Thursday, October 12, 2017

100 Years of James McAuley

A hundred years ago today, on October 12, 1917, James McAuley was born.

McAuley has been one of my favourite poets since I was first introduced to his work five or six years ago. In his own words, McAuley felt "the persistent desire to write poems that are lucid and mysterious, gracefully simple but full of secrets, faithful to the little one knows and the much one has to feel." His poetry was accessible, but multilayered; lyrical, perhaps with debts to the Metaphysical poets. It took the Australian landscape as a perpetual inspiration and wove legend into it, and sometimes it became sharply satirical.

I still haven't read a great deal of his verse (though I recently managed to track down a rare Collected Poems). Here's one poem:

Anonymous Message

Believe O believe a native
Of the country of despair:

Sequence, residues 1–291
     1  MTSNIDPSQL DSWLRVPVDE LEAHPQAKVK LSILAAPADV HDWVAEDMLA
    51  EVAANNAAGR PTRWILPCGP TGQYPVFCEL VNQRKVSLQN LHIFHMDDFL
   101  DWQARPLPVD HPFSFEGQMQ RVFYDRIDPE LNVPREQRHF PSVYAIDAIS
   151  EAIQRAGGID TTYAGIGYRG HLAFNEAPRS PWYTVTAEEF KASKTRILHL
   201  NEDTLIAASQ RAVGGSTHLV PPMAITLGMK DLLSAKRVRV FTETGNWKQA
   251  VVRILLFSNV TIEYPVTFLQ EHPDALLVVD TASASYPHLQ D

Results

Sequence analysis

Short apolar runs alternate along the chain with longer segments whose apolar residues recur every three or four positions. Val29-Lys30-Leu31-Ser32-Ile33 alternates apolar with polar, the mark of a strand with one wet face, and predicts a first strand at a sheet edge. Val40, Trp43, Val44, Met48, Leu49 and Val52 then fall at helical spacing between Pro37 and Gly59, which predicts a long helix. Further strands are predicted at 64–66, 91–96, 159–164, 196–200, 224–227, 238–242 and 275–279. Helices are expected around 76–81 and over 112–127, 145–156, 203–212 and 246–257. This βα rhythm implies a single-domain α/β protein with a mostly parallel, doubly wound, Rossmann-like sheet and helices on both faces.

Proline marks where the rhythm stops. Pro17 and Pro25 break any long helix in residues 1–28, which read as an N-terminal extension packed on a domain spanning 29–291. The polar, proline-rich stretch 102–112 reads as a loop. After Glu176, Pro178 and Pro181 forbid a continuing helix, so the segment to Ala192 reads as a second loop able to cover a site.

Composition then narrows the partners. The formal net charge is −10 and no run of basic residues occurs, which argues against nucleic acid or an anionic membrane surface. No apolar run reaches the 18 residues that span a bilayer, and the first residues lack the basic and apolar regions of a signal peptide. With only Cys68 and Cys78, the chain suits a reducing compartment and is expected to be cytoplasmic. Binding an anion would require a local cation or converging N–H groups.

You must never give up hope,
Even just as something to wear.

The dry well choked with corpses
After the razzia, the need for flight,
The underground tricklings of pain,
The black empty wind all night -

They can't hinder, they even help:
Quite suddenly time uncloses
The most ancient, most fragrant, the most
Medicinal of all the roses.

You can read more James McAuley at the Australian Poetry Library, which I highly recommend that you do.

Have you seen any interesting articles on James McAuley for his centenary? If so, drop a link in the comments!

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